“Desperate” may be too strong a word, but Gov. Jerry Brown, who aspires to global leadership of the climate change movement, very badly needs to renew “cap-and-trade” controls on California’s greenhouse gas emissions that will expire in 2020.

However, it’s one thing for Brown to join international leaders in issuing high-minded declarations on existential climate change perils, or to be treated as a head of state in Beijing, but quite another to persuade 81 state legislators in Sacramento to see things his way. They, unlike the soon-to-retire governor, will face whatever political consequences a more ambitious cap-and-trade system brings.

Brown’s evident eagerness to get it done stems from several factors, including the potential embarrassment if an aspiring global leader can’t sell it to his own Legislature.

And, of course, there’s the financial angle, which is central to the issue.

The state auctions emission allowances each quarter and recent proceeds have been spotty at best. Reauthorization, particularly before the next auction in August, would generate more action.

The state has been counting on about $2.5 billion a year from its share of the bid pool and spending it looms large. Indeed, divvying up future proceeds is a major factor in backroom negotiations over renewal.

Brown has a particular interest in maximizing auction results because his pet bullet train project is highly dependent on cap-and-trade money, without which it probably dies.

All of that said, Brown has found that writing something that will garner the requisite two-thirds legislative votes is a tough slog. Self-imposed deadlines have come and gone, with the latest being the Legislature’s summer recess nine days hence. With that in mind, Brown and legislative leaders unveiled an extension bill late Monday, hoping to have votes on Thursday.

Democrats have 27 seats in the Senate, and 54 in the Assembly, the exact number of votes Brown needs. Democratic Assemblyman Jimmy Gomez departed this week to take the Los Angeles congressional seat he won in a special election.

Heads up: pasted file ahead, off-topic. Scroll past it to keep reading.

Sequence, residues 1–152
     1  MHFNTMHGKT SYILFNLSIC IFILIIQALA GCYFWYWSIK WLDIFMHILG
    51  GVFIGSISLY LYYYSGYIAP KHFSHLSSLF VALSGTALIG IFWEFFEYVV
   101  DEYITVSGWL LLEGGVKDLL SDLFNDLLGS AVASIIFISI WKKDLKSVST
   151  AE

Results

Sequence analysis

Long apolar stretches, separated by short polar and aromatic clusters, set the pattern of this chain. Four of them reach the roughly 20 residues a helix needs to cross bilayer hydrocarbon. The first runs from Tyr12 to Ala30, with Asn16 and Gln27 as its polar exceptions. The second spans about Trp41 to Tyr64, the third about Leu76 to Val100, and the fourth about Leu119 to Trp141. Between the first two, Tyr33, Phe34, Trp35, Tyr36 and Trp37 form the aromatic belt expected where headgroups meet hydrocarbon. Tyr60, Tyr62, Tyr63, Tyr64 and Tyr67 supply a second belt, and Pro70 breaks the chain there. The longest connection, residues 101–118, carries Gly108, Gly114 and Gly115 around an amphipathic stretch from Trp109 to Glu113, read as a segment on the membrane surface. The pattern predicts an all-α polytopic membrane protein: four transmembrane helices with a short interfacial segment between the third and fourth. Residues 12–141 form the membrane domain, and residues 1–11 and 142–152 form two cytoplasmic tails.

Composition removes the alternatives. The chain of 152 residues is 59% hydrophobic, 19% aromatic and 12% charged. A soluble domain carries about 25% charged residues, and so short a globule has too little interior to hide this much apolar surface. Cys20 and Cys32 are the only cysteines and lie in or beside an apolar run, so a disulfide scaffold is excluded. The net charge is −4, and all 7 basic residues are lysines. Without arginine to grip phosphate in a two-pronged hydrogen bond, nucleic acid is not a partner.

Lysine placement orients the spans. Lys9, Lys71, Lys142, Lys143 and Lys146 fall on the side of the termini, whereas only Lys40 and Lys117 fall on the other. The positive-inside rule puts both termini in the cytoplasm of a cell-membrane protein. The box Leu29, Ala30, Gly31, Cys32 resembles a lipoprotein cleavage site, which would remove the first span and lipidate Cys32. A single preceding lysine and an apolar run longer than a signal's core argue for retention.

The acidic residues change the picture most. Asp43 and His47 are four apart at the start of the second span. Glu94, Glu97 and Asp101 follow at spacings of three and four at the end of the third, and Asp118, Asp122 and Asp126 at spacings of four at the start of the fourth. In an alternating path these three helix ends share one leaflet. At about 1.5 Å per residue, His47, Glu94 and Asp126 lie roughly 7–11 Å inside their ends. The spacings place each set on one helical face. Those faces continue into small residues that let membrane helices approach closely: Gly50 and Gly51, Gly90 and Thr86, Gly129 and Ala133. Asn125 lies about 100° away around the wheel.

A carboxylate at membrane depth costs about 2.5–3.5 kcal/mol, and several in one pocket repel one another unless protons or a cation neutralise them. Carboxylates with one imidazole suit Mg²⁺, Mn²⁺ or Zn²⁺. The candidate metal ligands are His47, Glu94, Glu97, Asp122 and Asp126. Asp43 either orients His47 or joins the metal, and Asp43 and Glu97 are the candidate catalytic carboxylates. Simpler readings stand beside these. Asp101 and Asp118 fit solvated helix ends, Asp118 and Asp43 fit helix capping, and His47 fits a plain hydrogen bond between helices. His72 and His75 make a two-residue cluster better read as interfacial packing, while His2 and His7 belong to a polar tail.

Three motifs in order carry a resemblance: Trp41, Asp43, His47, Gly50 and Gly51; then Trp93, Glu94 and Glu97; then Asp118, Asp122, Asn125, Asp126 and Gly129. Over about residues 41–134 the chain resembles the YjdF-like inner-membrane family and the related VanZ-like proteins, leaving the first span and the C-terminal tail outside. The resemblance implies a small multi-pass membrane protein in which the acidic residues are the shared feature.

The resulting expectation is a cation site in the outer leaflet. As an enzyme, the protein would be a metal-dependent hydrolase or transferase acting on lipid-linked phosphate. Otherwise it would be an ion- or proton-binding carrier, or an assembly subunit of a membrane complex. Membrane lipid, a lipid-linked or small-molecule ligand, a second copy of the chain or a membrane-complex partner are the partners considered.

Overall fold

However, that Brown has not had unanimous Democratic support because the issue divides his party. Its resurgent left wing doesn’t like cap-and-trade, saying it does not do enough to force business compliance with tight emission controls, not only for carbon emissions but other pollutants as well. A new companion bill addresses other forms of pollution in hopes of shoring up Democratic support.

Business wants fairly loose rules, which is important because to get to the magic number of legislative votes. Brown probably needs at least a few Republicans, who back business and have demands of their own, one of which, a suspension of a controversial firefighting fee on rural property, is included in the new cap-and-trade bill.

Meanwhile, the Republican right is telling GOP members to back off and let the Democrats fashion an emission control program by themselves, or as Jon Fleischman, publisher of the influential FlashReport, wrote, “Let them announce it, let them own it, and let them campaign on it.”

Underlying Fleischman’s warning to Republicans, and the reluctance of some Democrats to join Brown, is uncertainty about the political fallout as emission allowances become more expensive and costs make their way into consumer prices.

The current program adds about a dime a gallon to gasoline costs but that will increase sharply if it is renewed and the state works toward more ambitious carbon reduction goals for 2030 and beyond, as will the effects on utility rates and other consumer items.

Democratic legislators have already voted this year for Brown’s plan to sharply increase direct gas taxes, one that polls say is unpopular with voters. A repeal measure could be on the ballot next year and one Democratic senator who voted for gas taxes, Sen. Josh Newman, faces a recall campaign.

Brown evidently believes the new bill will overcome all of that and give him the symbolic win he so earnestly, and perhaps desperately, wants.

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Dan Walters has been a journalist for more than 60 years, spending all but a few of those years working for California newspapers. He began his professional career in 1960, at age 16, at the Humboldt Times...